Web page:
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SaaS Leads Enterprise Cloud Deployments, Security Remains Biggest Obstacle
January 11, 2013
While cloud services are opening up new opportunities for vendors, they also introduce major risks, along with the need to develop and sell new solutions, and the need to target new buyers. Meanwhile for enterprises, security concerns remain the biggest obstacle to deployment, as well as the biggest criteria in choosing a provider, and Software-as-as-Service (SaaS) leads enterprise deployments, according to a new study.
Reliability follows security, which tops the list of challenges post-deployment as well, according to Current Analysis (News - Alert), which released its Enterprise Cloud Adoption study.
In fact, enterprises are moving beyond cloud experimentation to broader-based implementations, according to Bruce Page, vice president of custom research at Current Analysis.
“Sixty-four percent of enterprises surveyed by Current Analysis use the cloud now; the remainder will deploy workloads to the cloud and/or consume apps via the cloud within the next 24 months,” Page said.
The study, which is based on research of 550 companies in the U.S. and Europe, found that although SaaS leads enterprise cloud deployments, the number of respondents using Infrastructure-as-a-Service (IaaS) solutions doubled over 2011.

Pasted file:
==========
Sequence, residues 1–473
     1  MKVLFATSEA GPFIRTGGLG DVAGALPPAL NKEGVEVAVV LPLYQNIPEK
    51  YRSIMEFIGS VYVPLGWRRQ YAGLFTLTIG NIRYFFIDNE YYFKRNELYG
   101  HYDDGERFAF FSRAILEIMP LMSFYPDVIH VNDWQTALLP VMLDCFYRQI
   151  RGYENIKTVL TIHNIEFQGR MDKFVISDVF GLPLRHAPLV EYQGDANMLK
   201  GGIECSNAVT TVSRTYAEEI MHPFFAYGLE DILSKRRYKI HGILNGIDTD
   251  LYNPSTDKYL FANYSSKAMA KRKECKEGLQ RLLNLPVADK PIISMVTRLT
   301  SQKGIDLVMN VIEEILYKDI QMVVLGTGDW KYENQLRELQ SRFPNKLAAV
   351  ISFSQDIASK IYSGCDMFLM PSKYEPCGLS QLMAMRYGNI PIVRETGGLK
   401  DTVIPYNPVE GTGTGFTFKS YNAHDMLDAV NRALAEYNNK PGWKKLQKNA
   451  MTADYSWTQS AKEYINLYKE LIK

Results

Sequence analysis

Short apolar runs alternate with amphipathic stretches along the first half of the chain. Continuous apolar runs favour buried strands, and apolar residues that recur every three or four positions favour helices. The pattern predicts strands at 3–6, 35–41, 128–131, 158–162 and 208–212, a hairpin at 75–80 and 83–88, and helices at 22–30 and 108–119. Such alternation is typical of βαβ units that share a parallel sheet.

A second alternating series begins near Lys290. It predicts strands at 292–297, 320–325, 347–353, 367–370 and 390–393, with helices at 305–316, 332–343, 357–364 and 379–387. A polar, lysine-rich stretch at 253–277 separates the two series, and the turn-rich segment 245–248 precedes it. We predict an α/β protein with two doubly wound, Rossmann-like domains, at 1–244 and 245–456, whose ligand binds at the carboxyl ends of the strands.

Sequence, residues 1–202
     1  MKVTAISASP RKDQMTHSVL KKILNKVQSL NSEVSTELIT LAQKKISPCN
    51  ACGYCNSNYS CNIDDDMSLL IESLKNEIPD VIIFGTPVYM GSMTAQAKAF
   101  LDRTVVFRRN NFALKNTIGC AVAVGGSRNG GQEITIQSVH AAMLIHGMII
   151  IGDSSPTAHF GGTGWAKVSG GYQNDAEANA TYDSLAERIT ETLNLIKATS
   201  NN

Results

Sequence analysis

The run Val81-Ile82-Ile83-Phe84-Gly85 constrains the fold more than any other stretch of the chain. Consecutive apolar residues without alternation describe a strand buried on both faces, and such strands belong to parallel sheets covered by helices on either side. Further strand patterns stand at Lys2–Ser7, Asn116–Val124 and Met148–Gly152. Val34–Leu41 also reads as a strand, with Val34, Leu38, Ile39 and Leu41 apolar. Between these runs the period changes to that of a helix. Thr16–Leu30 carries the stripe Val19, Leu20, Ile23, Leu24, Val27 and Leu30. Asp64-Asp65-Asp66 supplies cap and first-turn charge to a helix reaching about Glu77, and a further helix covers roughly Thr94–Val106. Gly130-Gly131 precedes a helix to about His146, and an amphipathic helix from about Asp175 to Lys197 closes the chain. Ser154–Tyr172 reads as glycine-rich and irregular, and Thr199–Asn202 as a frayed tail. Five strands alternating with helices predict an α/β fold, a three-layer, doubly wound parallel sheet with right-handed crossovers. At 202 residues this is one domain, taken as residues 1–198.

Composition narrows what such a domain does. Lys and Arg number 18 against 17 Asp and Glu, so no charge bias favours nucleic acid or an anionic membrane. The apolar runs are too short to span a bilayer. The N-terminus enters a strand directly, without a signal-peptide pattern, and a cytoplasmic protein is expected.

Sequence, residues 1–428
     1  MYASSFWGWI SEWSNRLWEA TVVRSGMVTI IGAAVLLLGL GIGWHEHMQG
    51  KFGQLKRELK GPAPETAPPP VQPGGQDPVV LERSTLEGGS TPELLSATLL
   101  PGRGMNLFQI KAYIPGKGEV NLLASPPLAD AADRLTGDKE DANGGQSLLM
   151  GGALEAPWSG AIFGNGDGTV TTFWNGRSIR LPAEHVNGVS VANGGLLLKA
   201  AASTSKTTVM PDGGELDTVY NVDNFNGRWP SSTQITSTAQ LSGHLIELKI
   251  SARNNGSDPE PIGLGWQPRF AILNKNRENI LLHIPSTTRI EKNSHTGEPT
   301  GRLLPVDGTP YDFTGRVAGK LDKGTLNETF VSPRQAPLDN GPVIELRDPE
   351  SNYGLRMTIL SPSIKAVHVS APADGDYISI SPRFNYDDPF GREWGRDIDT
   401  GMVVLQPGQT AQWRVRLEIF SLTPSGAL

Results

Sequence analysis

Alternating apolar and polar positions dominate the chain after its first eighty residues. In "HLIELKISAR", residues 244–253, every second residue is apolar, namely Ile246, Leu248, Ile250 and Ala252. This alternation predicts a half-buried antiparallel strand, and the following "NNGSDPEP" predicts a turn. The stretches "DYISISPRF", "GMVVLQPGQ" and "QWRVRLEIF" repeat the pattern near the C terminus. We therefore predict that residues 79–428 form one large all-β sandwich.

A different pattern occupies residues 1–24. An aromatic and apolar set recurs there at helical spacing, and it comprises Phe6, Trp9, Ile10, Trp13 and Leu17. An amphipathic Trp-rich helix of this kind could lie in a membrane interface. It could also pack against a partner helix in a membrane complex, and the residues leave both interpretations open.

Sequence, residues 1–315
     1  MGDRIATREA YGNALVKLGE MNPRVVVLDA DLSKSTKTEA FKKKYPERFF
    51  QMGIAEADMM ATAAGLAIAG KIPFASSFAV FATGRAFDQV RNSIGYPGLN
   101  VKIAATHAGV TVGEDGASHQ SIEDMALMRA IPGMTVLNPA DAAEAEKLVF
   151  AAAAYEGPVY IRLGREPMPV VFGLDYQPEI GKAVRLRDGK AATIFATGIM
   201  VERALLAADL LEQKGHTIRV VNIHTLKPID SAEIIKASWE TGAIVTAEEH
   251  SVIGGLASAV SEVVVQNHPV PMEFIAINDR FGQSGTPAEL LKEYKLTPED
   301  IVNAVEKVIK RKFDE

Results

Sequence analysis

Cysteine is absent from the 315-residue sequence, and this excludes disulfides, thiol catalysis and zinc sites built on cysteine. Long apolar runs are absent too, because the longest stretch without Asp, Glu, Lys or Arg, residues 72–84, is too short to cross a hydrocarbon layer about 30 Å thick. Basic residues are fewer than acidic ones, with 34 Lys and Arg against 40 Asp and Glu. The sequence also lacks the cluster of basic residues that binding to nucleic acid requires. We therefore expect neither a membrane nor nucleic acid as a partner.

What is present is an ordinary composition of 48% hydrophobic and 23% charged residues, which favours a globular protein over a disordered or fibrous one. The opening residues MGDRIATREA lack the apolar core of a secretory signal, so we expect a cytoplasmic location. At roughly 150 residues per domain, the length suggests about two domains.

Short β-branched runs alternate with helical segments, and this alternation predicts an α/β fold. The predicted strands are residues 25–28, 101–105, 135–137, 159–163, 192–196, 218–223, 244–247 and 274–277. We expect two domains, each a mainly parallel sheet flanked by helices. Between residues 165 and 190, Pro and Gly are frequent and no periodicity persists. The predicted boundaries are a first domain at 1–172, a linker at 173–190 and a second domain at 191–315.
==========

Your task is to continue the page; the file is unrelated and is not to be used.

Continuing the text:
When it comes to decision-making, 67 percent of companies surveyed say senior management is in the driver’s seat when choosing cloud solutions; however, the IT organization is expected to influence the decision.
Based on research, Current Analysis predicts that alliances between vendors, such as AT&T (News - Alert)/IBM and Sprint/CSC, will significantly impact the market
“Vendors are filling gaps and creating innovative, end-to-end cloud solutions that bring the market competition to a new level,” said Ashok Kumar, associate director of custom research at Current Analysis.
Cloud computing has already begun changing how IT delivers economic value to countries, industries, and businesses although it is still emerging as a computing style. Through 2015, with as many as seven million cloud-related jobs available worldwide, the demand for cloud-ready IT workers will grow by 26 percent annually, according to an IDC report sponsored by Microsoft (News - Alert) Corp.
According to the estimates provided by IDC for 2011, since cloud computing features unique economic leverage, IT cloud services helped organizations of all sizes and all vertical sectors around the world generate $400 billion in economic benefit. During the same year, according to IDC (News - Alert) estimates, cloud helped drive 1.5 million new jobs.
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Edited by Brooke Neuman
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